In a three-part series for the People’s Blog for the Constitution, Shahid Buttar, in a Q-and-A format, explains why the NDAA, which President Obama signed at the end of December, deserves far more attention for its possible detrimental effects on civil liberties. (The bill does more than authorize billions in military spending, $662 billion to be exact. It also, as Buttar explains, provides the executive branch with potentially far-reaching powers to detain Americans suspected of terrorism-related activities. In signing the bill, Obama maintained he would never authorize indefinite military detention of Americans citizens, and that he would not feel compelled to try all suspects in military tribunals, as the law authorizes. Buttar’s exhaustive series, however, explains why such assurances are wobbly.)
Buttar, executive director of the Bill of Rights Defense Committee, in his first blog post, “The NDAA: Another assault in the dead of night,” blasts Congress for supporting, with passage of the NDAA, “indefinite military detention of even US citizens.” The version that Obama signed into law contains provisions that only appear to limit the law’s reach, Buttar writes.
“Apologists for the NDAA,” Buttar states, “forget that laws remain fixed until changed, beyond the terms of particular officials who write them. And the ambiguity created by the law could be construed by future Presidents (or their advisors) to confer dramatic, sweeping powers to detain US citizens without a right to trial or Due Process. In the wrong hands, it could be used as a powerful tool to suppress dissent, with predictably catastrophic consequences.”
By Samuel Morison, a criminal defense attorney in Washington, D.C., and a former staff attorney at the Office of the Pardon Attorney.
For most of this country’s history, the practice of executive clemency has quietly functioned as an ancillary feature of the criminal justice system, without attracting much attention. The purpose of the pardon power, as the Founders envisioned it, was to fill the inevitable gaps in the just and humane infliction of punishment. In addition to being a failsafe to correct injustices that escaped judicial scrutiny, executive clemency was conceived as an equitable vehicle for bestowing legal “forgiveness” in appropriate cases. As the Supreme Court observed in Ex Parte Grossman, “[t]he administration of justice … is not necessarily always wise or certainly considerate of circumstances which may properly mitigate guilt.” Hence, “[e]xecutive clemency exists to afford relief from undue harshness or evident mistake in the operation or enforcement of the criminal law.”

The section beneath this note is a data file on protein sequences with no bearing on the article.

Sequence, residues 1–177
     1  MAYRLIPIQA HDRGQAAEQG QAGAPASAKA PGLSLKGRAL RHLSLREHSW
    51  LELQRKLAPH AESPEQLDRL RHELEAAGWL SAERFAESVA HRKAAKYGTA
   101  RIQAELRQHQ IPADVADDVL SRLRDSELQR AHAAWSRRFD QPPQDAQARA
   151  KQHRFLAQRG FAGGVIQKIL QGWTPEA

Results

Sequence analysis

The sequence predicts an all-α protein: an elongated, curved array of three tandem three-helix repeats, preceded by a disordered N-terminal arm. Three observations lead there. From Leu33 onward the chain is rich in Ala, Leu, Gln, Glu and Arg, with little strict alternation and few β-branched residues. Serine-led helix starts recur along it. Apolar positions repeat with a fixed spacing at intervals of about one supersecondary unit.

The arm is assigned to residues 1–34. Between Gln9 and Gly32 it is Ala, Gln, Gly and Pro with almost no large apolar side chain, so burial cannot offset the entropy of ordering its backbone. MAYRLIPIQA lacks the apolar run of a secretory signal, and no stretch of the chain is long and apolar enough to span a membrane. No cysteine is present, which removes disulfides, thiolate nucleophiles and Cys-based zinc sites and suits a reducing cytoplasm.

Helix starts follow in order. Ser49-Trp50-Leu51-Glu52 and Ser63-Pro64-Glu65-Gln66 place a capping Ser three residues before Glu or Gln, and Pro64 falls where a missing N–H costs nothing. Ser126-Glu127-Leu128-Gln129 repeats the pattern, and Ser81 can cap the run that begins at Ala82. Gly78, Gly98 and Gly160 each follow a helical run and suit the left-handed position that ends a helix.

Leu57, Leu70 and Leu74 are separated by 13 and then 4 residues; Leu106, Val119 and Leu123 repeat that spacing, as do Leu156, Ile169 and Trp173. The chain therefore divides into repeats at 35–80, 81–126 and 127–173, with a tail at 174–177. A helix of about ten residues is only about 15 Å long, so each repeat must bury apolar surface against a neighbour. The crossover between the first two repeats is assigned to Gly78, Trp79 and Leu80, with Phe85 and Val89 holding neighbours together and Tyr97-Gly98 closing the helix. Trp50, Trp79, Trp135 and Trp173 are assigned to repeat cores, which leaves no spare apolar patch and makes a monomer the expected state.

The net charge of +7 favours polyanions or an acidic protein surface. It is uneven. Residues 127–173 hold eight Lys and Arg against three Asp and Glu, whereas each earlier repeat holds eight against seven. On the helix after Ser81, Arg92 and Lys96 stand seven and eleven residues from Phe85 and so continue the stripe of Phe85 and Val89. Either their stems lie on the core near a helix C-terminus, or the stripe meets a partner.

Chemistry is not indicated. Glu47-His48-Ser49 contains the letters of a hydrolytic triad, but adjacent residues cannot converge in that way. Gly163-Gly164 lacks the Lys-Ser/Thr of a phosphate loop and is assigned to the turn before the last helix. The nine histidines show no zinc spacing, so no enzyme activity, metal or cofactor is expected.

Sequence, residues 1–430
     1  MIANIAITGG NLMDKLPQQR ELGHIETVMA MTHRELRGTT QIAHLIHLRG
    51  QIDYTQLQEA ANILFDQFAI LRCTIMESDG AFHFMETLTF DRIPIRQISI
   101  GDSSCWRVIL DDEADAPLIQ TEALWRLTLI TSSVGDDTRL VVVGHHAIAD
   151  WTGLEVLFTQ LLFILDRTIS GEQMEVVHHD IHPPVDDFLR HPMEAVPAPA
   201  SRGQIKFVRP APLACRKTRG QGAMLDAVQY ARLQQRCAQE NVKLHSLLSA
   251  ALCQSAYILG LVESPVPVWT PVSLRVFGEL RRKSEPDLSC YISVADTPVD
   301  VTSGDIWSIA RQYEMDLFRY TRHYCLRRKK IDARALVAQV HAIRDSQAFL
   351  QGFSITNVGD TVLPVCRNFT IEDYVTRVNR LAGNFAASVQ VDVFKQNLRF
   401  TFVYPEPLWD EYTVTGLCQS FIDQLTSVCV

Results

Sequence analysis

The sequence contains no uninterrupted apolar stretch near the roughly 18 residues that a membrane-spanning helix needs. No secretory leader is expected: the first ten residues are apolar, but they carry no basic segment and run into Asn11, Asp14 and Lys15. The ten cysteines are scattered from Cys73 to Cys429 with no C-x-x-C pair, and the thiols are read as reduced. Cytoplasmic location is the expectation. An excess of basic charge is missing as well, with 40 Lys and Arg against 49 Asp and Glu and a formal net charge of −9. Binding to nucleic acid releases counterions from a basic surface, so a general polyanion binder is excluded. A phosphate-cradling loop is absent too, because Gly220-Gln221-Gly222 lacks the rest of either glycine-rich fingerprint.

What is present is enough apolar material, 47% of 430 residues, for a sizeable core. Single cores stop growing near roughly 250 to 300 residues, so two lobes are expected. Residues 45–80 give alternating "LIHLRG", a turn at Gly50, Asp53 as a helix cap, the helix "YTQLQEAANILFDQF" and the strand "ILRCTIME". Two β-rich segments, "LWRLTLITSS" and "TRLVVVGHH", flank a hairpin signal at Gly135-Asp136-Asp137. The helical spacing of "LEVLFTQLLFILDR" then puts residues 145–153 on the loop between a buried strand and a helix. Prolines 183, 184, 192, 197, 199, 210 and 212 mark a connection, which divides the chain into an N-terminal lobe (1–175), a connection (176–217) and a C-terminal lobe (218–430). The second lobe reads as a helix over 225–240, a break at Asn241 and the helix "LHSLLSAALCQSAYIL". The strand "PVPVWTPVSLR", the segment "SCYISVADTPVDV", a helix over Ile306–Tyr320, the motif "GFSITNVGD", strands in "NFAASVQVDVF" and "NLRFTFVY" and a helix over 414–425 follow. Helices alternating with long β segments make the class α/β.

Beginning in the 1970’s, however, under the influence of the “new retributivism,” the prevailing rehabilitative paradigm began to collapse, along with the traditional practices of discretionary sentencing and parole. In its place, we have witnessed the ascendance of determinate sentencing schemes, including strict mandatory minimum penalties for a broad array of offenses, most notably the distribution of illegal drugs. However well intentioned, the rhetoric of retribution quickly degenerated into a crass endorsement of punitive incapacitation for its own sake, with little regard for what any particular offender actually deserves. The result has been a burgeoning federal prison population of more than 200,000, coupled with thousands more ex-felons who labor under the burden of lifetime collateral disabilities.
The Obama administration’s striking success at bringing down Osama bin Laden has been sullied by the debate over torture and whether it helped lead to his demise. But American University law school professor William Yeomans writes in Politico that President Obama “has nobody to blame but himself,” for the diversion.
Yeomans continues that Obama’s failure to “investigate and hold to account those who tortured,” has left the door open for former Bush administration officials to now claim that torture was effective and justified.
Obama’s refusal to follow through on our nation’s commitment to the rule of law – both domestic and international – allowed the rehabilitation of the Bush administration’s Office of Legal Counsel attorneys, who wrote the memos permitting torture, and the lawless White House officials, who cast aside domestic law, the Convention Against Torture, the Geneva Conventions and a tradition dating to George Washington of humane treatment of detainees by Americans during the conflict.